Why octopuses don`t get tangled up in knots
Even though an octopus` has eight arms which are covered in hundreds of sticky suction cups, they never tie themselves in knots. And a new study reveals why.
London: Even though an octopus` has eight arms which are covered in hundreds of sticky suction cups, they never tie themselves in knots. And a new study reveals why.
Researchers from the Hebrew University of Jerusalem claim that they have discovered octopuses manage this feat with a chemical produced by their skin which temporarily prevents their suckers from sucking, even as the their brains are unaware of what their arms are doing.
Guy Levy, who carried out the research with co-first author Nir Nesher said that they were entirely surprised by the brilliant and simple solution of the octopus to this potentially very complicated problem.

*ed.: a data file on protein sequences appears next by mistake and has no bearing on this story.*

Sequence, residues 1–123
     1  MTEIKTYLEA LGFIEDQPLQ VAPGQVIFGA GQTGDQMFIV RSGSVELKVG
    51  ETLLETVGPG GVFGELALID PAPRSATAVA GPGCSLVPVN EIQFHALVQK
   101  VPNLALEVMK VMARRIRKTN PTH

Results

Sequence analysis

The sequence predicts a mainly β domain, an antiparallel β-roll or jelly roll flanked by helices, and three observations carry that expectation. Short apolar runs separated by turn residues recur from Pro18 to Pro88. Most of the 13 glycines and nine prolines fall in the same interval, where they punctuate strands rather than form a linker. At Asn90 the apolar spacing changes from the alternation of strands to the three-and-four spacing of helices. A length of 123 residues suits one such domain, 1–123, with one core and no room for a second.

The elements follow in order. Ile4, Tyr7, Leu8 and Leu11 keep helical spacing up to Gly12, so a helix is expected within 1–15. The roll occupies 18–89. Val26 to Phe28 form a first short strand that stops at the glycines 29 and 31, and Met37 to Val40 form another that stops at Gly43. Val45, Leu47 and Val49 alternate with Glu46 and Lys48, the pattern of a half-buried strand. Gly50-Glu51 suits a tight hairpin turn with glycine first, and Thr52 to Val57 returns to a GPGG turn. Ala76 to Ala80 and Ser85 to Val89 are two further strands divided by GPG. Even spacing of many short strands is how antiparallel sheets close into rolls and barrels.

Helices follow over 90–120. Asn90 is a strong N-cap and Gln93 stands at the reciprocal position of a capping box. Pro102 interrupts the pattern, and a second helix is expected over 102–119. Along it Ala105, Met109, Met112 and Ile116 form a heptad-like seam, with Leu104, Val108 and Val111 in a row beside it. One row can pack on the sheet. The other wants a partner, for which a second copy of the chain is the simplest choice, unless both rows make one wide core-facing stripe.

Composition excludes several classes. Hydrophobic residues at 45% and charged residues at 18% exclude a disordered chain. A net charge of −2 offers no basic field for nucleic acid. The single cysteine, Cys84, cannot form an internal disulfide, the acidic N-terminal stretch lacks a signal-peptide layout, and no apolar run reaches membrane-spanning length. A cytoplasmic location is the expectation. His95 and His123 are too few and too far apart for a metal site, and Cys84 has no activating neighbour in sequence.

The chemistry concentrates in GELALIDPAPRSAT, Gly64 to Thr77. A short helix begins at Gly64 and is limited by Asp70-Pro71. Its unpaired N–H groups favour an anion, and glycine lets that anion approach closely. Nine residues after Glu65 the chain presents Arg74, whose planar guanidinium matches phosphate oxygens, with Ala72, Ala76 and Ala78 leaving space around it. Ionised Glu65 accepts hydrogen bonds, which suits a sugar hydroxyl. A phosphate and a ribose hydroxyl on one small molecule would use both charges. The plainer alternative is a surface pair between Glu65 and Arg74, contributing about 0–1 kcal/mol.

Binyamin Hochner, who had been working with octopuses for many years, added that human motor control system is based on a rather fixed representation of the motor and sensory systems in the brain in a formant of maps that have body part coordinates, but the mechanism is hard to envisage to function in the octopus brain as its long and flexible arms have an infinite number of degrees of freedom.
The researchers observed the notion that octopuses lack accurate knowledge about the position of their arms with the behavior of amputated octopus arms, which remain very active for an hour after separation.
Observations showed that the arms never grabbed octopus skin, though they would grab a skinned octopus arm. The octopus arms didn`t grab Petri dishes covered with octopus skin, either, and they attached to dishes covered with octopus skin extract with much less force than they otherwise would.
According to the researchers, the drastic reduction in the response to the skin crude extract suggests that a specific chemical signal in the skin mediates the inhibition of sucker grabbing.
In contrast to the behavior of the amputated arms, live octopuses can override that automatic mechanism when it is convenient. Living octopuses will sometimes grab an amputated arm, and they appear to be more likely to do so when that arm was not formerly their own.
The study is published in the Cell Press publication Current Biology.